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Re: GPL and linking

On 5/11/05, Michael K. Edwards <m.k.edwards@gmail.com> wrote:
> Fine.  I have been goaded into rebutting this specimen.

Most of this is focused on contract law issues.  I've written a
separate post suggesting the obvious alternative (Tort law)

> > Since Section 0 says that the GPL grants you license to distribute this work,
> > and since there's no part of the GPL that grants you license where Section 0
> > does not apply, in our hypothetical case we would have shown that the GPL
> > does not grant you license to distribute this work.
> Wrongo.  The GPL grants you license to copy, modify, and distribute A
> under the applicable terms.  Whether by "mere aggregation" or by
> reductio ad absurdum, you may distribute some collections containing
> A; and there is no basis in the text of the GPL for enforcing on the
> licensee any division into some permitted collections and some
> forbidden collections.  So B may be distributed so long as the
> applicable covenants of specific performance with respect to A are
> honored.

I'm assuming that we're talking about a case involving binaries for the
work A+B, which means we're talking about a case where either

1) The applicable terms are being followed, and B is available under
GPL terms

1a) B is merely aggregated with A in the context of these binaries, or

2) The applicable terms are not being followed, and B is not available
under GPL terms, and the work A+B is a significant work in the context
of copyright law.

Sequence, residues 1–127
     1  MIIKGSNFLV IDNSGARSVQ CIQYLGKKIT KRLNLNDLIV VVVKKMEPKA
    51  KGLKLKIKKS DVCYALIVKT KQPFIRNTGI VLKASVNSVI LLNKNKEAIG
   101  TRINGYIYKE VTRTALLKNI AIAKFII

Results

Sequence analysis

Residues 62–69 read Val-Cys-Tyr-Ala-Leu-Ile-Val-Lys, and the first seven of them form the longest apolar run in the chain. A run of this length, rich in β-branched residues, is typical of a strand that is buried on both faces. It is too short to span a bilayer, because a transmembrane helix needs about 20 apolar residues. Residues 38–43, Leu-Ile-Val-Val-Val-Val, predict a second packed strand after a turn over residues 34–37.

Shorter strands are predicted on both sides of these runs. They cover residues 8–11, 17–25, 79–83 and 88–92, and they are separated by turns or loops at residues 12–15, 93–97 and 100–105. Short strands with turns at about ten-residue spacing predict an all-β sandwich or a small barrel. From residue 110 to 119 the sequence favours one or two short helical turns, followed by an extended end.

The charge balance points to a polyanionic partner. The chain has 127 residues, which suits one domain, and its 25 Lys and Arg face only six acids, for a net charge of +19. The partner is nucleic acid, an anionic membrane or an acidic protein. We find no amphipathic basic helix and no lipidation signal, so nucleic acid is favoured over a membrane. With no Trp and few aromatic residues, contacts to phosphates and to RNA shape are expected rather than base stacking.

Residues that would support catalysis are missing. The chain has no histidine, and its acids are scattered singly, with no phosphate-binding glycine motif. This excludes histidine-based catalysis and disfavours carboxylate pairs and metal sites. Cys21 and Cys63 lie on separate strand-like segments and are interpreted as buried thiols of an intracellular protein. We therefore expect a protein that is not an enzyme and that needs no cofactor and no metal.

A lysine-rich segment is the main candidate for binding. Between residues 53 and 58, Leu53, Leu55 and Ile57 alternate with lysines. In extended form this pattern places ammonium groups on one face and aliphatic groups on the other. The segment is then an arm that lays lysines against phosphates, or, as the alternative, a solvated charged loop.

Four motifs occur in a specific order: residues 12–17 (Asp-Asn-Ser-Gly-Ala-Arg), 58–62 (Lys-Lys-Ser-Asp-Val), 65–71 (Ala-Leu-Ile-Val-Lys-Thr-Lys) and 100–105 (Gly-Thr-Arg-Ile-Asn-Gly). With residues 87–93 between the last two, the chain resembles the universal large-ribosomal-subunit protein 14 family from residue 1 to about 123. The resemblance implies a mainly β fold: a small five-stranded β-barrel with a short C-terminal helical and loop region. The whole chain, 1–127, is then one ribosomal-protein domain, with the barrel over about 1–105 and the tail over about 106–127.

> > At this point, either:
> >
> > A) Copyright law doesn't apply, so it doesn't matter that you don't
> > have license, or
> >
> > B) The GPL doesn't apply, so it doesn't matter that the GPL doesn't grant you
> > license, of
> >
> > C) Distributing the work is prohibited by law.
> >
> > My argument is that if you reach C) by ignoring the second half of the
> > definition of "work based on the Program", that you're doing something wrong.
> >
> > Does that make sense?
> No. 

Ok, I'm looking for how you think this doesn't make sense.

> Copyright law applies to the copying of A. 

True.  And to the copying of B.  And, to the copying of A+B.

> The distributor of B claims license under the GPL to copy A.  

This requires that B do so under certain terms, which is I think
where our dispute lies, but continuing...

> The court construes the terms of that license, settles all other 
> relevant questions of fact, and either decides that the plaintiff 
> is entitled to some relief or that he is not.  

No disagreement here.

> It is then so ordered, and there's a path for appeals on
> points of law.  "Prohibited by law" doesn't mean jack.

It's true that the court can (and will) interpret the law.

However, "Prohibited by law" does in fact have meaning.


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